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Academisation plans risk increasing religious influence in schools, warns NSS

Posted: Mon, 25 Apr 2016 16:48

Academisation plans risk increasing religious influence in schools, warns NSS

The National Secular Society has warned that Government plans to convert all schools in England into academies could increase the level of religious influence in state education and see the Church of England gaining control of non-faith-based schools.

In a submission to the Education Committee's inquiry into the role of multi-academy trusts (MATs), the NSS warned community schools converting into academy status could become part of Church of England MATs, threatening their secular character with "serious implications" for parental rights, children and young people's religious freedom and employment discrimination.

Plans to merge four community schools in the North East with one CofE primary under a single academy trust controlled by the Church of England are already being considered by the Department for Education, in a move described as a "takeover".

Government guidance states a mixed-faith and non-faith trust must preserve the non-religious nature of their community schools. A local governing body for the community school must also be established.

However, the NSS has warned that safeguards to protect the secular nature of community schools are not sufficient.

Stephen Evans, the society's campaigns director, said: "If community schools are absorbed into Church led MATs it's hard to see how the non-religious schools within it can realistically be protected from an encroaching religious ethos, particularly if the most senior people in the trust are all advancing the interests of the church."

The NSS has also raised questions about land ownership, expressing concern that "public land will be transferred from local authorities and placed under control of the local diocese for 125 years, and, given the permission of the secretary of state, the church could use it however it likes".

The NSS response to the inquiry describes this as a "deeply anti-secular development" and urges the committee to raise the "democratic deficit of this potential 'land grab'" with the DfE.

Local authorities have also raised concerns over the Government seizing land and leasing it to third parties to run the schools, depriving the local area of control and accountability over the school.

Meanwhile, churches have been given unique safeguards from academisation, with the Government issuing two memoranda of understanding giving Church of England and Catholic schools special protection from forced academisation and strengthening their ability to promote a more rigorous religious ethos.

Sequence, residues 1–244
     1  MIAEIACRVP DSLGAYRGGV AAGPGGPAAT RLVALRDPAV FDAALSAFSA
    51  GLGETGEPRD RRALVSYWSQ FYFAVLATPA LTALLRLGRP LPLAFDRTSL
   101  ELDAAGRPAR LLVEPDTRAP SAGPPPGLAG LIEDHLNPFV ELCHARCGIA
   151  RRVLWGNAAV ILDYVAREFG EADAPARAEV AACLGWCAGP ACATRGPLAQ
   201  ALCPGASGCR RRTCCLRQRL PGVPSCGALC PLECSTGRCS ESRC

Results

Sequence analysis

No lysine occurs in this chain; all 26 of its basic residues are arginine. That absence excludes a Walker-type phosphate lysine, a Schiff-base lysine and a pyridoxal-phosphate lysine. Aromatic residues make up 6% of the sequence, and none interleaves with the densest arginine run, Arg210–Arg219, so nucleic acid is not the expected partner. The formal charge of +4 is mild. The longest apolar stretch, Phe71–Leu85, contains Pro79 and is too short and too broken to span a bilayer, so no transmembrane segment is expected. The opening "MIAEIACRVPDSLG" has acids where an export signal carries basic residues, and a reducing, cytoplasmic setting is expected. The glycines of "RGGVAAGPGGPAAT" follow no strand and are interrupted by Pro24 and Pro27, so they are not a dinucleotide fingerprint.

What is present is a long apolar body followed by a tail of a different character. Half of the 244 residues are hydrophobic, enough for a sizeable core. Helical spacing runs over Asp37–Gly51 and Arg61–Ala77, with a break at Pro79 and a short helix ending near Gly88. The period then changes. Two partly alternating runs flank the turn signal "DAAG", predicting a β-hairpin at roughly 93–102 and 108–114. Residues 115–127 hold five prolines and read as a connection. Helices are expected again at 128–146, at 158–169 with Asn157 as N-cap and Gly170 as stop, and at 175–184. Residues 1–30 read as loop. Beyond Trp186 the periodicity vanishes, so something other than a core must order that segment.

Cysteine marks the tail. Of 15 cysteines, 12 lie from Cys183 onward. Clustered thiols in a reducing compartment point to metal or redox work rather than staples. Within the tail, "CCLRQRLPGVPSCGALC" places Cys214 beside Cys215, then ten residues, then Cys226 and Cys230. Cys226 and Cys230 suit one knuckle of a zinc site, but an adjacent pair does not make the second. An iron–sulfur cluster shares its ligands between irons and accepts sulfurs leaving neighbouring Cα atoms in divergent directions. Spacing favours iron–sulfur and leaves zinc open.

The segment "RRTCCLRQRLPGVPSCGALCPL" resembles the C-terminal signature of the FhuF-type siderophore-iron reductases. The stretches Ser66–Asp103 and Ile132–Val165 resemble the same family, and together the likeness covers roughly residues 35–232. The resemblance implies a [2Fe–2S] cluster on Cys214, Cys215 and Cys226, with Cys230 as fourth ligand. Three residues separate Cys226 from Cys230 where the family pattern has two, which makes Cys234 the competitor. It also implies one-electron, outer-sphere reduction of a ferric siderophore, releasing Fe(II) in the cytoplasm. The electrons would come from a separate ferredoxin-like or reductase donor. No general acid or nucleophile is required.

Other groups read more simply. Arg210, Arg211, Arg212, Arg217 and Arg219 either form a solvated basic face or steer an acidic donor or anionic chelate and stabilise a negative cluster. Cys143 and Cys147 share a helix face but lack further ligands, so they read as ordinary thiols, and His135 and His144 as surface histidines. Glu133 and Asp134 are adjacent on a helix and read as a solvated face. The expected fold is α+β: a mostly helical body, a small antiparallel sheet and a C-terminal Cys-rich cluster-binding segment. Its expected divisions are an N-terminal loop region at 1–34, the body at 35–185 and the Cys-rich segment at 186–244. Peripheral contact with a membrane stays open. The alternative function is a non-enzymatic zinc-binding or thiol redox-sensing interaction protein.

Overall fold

For Anglican schools the Government has said that it "respects the statutory right and requirement for the consent of various diocesan bodies to allow a church school to become an academy"; while non-religious schools are left vulnerable to a Church takeover.

In 2015 the Archbishops' Evangelism Task Group said that the Church had an "urgent need" to focus evangelism on children, young people and their parents in light of a catastrophic collapse in adult church attendance.

The earlier CofE 'Church School of the Future' report set out a strategy of expanding the number of Church schools to "intensify the religious input into lesson", calling for a new "concordat" between the Church and the Government to "reinforce and enhance" the Church's influence throughout the education system.

Mr Evans, said: "Academisation clearly risks increasing organised religion's influence over publicly funded education, at a time when religious affiliation is in sustained decline.

"The Church clearly regards controlling schools as central to its survival. But money intended for children's education shouldn't be used to prop up the Church.

"Local authority involvement and oversight has long acted as a break on the Church promoting an aggressive religious ethos – leading many to regard 'church schools' as a softer form of faith schools. However the decline of such accountability, coupled increasingly centralised diocese control of large MATs way well result in a significant increase in religiosity in both church and non-religious schools."

You can read the NSS submission to the Education Committee's inquiry into the performance, accountability, and governance of Multi-Academy Trusts here.

Also see: Church academy trust to absorb non-faith schools (Schools Week)

Tags: Education, Faith Schools, academisation